Balloon liftoff proves a real buzz

LIBBY WILSON
Last updated 05:00 28/03/2014
Balloons Over Waikato
PETER DRURY/Fairfax NZ
LUCKY FIRST: The Hamilton balloon was the first to leave the ground for Balloons Over Waikato at Innes Common.

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Waikato weather made a bunch of balloonists very happy yesterday morning, and fans got the display they had been waiting for.

Almost 30 balloons lifted off from Innes Common, at Hamilton Lake, for the first time on day two of Balloons Over Waikato this year.

"If you go back to where we have our breakfast at Kingsgate, you'll see the biggest smiles in the world. The pilots will be on a buzz, they'll be high-fiving and all that . . . The thing is we've actually got to fly," flight director Martyn Stacey said.

"Balloonists are very passionate about what they do."

They had been grounded because of high winds on Wednesday and, yesterday morning, the airport-direction wind put paid to the Dawn Patrol.

But enthusiasts started arriving at 5.30am for the WEL Energy Trust Breakfast at Dawn and equipment appeared and burners flared around 7.30am.

The Hamilton balloon piloted by Mark Brown was first to leave the ground.

When the others followed suit, Mr Stacey had plenty to keep an eye on.

He set yesterday's challenge and was also the one in charge of the airspace.

The challenge was "like three-dimensional sailing" and required close monitoring of the wind and air currents to drop a marker or bring the balloon down to land on a marked cross.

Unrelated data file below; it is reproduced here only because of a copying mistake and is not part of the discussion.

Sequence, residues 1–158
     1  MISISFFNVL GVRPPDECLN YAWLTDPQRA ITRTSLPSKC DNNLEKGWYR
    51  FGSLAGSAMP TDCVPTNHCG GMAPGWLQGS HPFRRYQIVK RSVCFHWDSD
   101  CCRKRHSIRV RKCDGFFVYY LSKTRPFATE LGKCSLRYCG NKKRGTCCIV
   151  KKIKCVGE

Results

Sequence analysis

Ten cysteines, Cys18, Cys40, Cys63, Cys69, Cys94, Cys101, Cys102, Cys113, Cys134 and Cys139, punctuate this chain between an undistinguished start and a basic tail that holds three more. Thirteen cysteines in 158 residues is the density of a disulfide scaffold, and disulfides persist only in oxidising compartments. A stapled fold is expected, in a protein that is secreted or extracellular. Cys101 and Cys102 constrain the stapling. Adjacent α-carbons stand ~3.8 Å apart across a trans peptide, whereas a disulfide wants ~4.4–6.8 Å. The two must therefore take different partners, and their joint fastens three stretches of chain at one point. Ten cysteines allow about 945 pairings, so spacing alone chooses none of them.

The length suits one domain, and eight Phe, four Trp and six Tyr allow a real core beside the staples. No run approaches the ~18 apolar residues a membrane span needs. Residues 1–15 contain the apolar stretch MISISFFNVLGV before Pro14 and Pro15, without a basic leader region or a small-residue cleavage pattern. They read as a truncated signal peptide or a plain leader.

"It's relying on what winds you have . . . It's a time factor. You have got to be able to judge when you can do what you try and do - and it's got to still be there when you come back."

Hamilton pilot Murray Shaw was watching where the other balloons headed while he planned the route for his craft, Whisky.

He had come out on top in the "very tricky" competition in the past.

"If you get brassed off then it makes it worse so you don't want to get too uptight," he said.

"You have to have a lot of luck in where you're sitting on the ground here and which way that wind is going to take you."

For Australian-based pilot Barbara Smith, it was a chance to do some city flying. She was used to flying over bush in New South Wales.

This time she was piloting a Kiwi friend's balloon - the Flytrap. Event manager Michele Connell said it was a "great relief"' to get the balloons in the air on a perfect morning.

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- Waikato Times

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